The water footprint of an individual, community or business is defined as the total volume of freshwater used to produce the goods and services consumed by the individual or community or produced by the business. Water use is measured in water volume consumed (evaporated) and/or polluted per unit of time. A water footprint can be calculated for any well-defined group of consumers (e.g., an individual, family, village, city, province, state or nation) or producers (e.g., a public organization, private enterprise or economic sector). The water footprint is a geographically explicit indicator, not only showing volumes of water use and pollution, but also the locations.
One in six gallons (nearly 17%) of water leak from utility pipes before reaching customers in the US.1
On average, 10 gallons per day of your water footprint (or 14% of your indoor use) is lost to leaks.2
Household leaks can waste more than 1 trillion gallons annually nationwide. That’s equal to the annual
LOS ANGELES, Sept. 10, 2014 — Imagine filling your glass with clean, fresh drinking water made from the air. While it may sound like science fiction, a new Los Angeles-based company, Skywell, LLC, is making it a reality in Southern California. In the midst of the region’s worst drought in
ISO, International Standards Organization, has just published a standard for measuring your water footprint. ISO 14046: Environmental management — Water footprint — Principles, requirements and guidelines, published today, will allow all kinds of organizations, from industry, to government and NGOs the means to measure their “˜water footprint’, or their potential
By Nancy Gross
Like everything else in these highly developed times, the pathways our water travels are becoming ever more connected. Though nature’s hydrologic cycle means water on earth has always been one moving, fluid entity, much of it nonetheless became portioned out and recycled in discrete locations called watersheds. Beyond those regions,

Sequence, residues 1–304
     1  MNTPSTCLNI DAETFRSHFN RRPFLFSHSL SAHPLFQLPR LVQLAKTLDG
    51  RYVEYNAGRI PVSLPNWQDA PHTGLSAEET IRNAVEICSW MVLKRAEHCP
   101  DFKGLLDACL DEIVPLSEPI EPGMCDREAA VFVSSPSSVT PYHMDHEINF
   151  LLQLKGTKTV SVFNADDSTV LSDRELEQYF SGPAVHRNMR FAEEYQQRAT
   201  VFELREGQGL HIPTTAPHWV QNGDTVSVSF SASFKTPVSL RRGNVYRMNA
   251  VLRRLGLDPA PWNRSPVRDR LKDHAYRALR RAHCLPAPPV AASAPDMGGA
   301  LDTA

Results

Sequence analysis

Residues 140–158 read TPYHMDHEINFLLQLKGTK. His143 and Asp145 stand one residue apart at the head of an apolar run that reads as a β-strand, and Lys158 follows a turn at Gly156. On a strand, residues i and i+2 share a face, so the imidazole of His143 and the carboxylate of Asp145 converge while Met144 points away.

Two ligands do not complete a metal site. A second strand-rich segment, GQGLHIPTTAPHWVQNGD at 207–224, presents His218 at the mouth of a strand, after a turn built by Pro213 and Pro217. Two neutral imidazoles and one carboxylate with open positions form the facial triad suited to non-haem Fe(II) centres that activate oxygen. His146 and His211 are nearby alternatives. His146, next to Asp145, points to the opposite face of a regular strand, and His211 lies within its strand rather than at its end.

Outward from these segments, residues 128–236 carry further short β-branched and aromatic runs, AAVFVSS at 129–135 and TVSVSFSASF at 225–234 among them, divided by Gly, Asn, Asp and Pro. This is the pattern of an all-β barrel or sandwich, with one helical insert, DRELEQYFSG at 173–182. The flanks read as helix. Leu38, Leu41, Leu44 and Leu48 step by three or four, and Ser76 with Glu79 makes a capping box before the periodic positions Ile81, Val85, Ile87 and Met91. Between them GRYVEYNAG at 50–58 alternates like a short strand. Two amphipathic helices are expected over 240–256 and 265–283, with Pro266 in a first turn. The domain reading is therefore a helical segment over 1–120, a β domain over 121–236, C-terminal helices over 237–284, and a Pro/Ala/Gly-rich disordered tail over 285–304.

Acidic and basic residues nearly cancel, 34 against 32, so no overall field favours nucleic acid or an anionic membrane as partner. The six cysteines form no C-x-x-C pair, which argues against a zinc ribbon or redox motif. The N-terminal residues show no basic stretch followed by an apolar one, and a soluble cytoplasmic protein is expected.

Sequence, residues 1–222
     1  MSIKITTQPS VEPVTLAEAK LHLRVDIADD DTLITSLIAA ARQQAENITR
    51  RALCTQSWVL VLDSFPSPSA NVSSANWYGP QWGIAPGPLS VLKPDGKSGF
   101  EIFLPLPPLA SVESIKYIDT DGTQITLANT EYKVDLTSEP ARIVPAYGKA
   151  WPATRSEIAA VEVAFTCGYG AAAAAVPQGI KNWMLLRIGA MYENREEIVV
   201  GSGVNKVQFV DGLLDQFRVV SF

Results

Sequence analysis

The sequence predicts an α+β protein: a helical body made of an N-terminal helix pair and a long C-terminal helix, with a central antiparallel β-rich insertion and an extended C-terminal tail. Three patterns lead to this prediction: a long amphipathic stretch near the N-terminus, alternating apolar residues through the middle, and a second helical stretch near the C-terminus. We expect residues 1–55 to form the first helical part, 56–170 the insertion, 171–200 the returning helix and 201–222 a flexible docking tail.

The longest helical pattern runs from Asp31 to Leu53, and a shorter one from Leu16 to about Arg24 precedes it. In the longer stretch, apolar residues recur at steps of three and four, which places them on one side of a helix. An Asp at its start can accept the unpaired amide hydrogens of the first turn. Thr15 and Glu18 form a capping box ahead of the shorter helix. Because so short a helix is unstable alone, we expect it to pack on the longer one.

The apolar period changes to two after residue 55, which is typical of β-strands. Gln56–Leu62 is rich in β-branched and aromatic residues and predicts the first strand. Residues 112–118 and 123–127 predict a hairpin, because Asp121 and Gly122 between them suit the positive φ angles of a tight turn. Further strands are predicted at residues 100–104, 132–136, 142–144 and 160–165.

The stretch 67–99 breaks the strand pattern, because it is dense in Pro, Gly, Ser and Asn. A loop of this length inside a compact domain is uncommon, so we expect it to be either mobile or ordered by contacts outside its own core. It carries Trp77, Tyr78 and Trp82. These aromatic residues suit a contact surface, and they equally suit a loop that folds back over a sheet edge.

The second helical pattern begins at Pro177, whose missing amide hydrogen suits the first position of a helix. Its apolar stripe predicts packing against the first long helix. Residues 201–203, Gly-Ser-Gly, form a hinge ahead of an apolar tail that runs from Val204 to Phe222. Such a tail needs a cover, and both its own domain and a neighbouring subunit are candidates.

By FM Content
“What cost are you willing to pay for energy independence?” I asked in a recent blog post . “Does it make sense to sacrifice our water quality to achieve a lower price at the pump?” We all know it takes energy to collect, treat, and deliver water. Many of us
Unlike Albert Einstein’s famous relativity equations or the Pythagorean Theorem, the water efficiency equation is neither famous nor constant. The specific factors and associated weights that determine water efficiency vary over time and even then are subjective. The best we can do to define the ever-evolving water efficiency equation and
Advanced Metering Infrastructure (AMI) technology is engaging water consumers in the process of understanding their usage in a more pinpointed fashion. As present “smart” technology addresses those issues and mechanical systems are phased out and fixed, network systems are adopted with greater frequency. Future technology now on the drawing board
In speaking of the need for water recycling, Jim Lauria, vice president of sales and marketing for Amiad USA, says the fact that communities are using drinking water to flush toilets is “just insane.” He continues: “Not every application needs the highest-quality water, so, in many instances in the United
By Lyn Corum
“Economic factors are driving the interest in water efficiency in American industry. If you’re not green, you’re wasting money. Being green is about being careful and thoughtful about expenses and not wasting water you pay for, like potable water.” – Jack Wittman, Director of the hydrogeology group at Layne Christensen.